Taking equine health to the next level
For optimum results should be fed in conjunction with a high roughage and fibre diet low in non-structural carbohydrates.
(Flaxseed contains an average of 40% fat and is one of the few vegetable sources of omega-3 fatty acids (mainly alpha-linolenic acid). Flaxseed also contains around 30% highly digestible fibre and 20% protein.)
The benefits of Flaxseed
Omega fatty acids (in proper ratio)
In addition to its rich caloric content, flaxseed has one of the best natural ratios of Omega-3 to Omega-6 fatty acids. Omega fatty acids offer countless benefits to the equine body, such as aiding the immune system, protecting joints, supporting gastric health, reducing airway inflammation, reducing excitability, and aiding skin and coat health and shine.
It is important that Omega fatty acids are fed in the proper ratio. Omega-6s cause swelling and promote inflammation, which is an integral part of injury recovery and immune function, but which can become harmful if Omega-6s are fed in too high a ratio as compared to Omega-3s. Flaxseed is more than 70% polyunsaturated fat, with a 1 to 0.3 Omega-3 to Omega-6 ratio, there are other oilseeds with high fat content, but flaxseed is unique in its excellent fatty acid profile. High Omega-3 promotes a less inflammatory environment in the body and maintains fluidity of cell membranes.
Alpha linolenic acid
While fresh pasture is a good source of Omega fatty acids, hay is an extremely poor source and often requires supplementation. There is one Omega-3 fatty acid horses cannot make by themselves – alpha linolenic acid (ALA). Higher quantities of ALA are found in flaxseed than in either chia seed or fish oil.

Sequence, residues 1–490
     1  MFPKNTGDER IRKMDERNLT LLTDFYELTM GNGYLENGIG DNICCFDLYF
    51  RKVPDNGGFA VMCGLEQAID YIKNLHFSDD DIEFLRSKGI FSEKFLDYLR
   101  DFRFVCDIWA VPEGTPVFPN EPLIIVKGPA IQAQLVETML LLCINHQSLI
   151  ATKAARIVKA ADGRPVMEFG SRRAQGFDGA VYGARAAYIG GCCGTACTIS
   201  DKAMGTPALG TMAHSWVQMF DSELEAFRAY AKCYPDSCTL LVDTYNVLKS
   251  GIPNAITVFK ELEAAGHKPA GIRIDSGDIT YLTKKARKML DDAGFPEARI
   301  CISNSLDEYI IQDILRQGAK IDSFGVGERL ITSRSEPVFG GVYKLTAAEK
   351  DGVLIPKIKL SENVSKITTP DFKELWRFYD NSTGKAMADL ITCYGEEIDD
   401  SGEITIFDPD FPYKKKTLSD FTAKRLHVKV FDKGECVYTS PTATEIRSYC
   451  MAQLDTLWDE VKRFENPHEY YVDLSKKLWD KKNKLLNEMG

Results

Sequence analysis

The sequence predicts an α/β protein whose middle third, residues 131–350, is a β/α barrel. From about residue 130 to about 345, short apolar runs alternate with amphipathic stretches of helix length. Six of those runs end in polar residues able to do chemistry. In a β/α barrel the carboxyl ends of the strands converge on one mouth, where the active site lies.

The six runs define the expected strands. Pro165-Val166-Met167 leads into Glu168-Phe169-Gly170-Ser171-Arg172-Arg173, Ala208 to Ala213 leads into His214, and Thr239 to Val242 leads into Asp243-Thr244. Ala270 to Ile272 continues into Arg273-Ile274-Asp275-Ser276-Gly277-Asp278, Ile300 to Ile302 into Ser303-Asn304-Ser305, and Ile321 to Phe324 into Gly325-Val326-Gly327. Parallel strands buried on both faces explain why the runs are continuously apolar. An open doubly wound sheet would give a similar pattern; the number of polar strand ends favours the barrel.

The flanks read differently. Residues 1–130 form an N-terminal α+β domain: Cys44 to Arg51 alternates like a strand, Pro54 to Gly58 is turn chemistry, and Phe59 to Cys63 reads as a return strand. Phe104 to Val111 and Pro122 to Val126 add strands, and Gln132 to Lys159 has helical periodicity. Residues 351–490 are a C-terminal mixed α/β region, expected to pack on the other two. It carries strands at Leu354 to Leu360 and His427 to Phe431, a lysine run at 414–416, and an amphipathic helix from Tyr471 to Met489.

Feeding your horse flaxseed
Horses, as hindgut fermenters, process fats in their foreguts and fibre in their hindguts. As grazing animals, horses derive most of their energy (30% to 70%) from fibre. The results of bacteria breaking down fibre are nutrients and volatile fatty acids (VFAs), which become slow-release energy for the horse. Flaxseed, naturally high in fibre, is an excellent supplement for working horses, who are likely not getting adequate nutrition from dry forage alone.
Flaxseed is best fed ground; when the seeds are fed whole, the hard coating restricts accessibility to the nutritional content, namely the fatty acids.
Caution – ground flaxseed oxidizes quickly, leading to rancidity and greatly diminishing the nutritional content. It is best to grind flaxseed immediately before it is consumed, or to buy a stabilized flaxseed product. Flaxseed can also be fed in the form of oil, this is a costly alternative. (Cen oil).
Flaxseed contains an average of 40% fat and is one of the few vegetable sources of omega-3 fatty acids (mainly alpha-linolenic acid). Flaxseed also contains around 30% highly digestible fibre and 20% protein.
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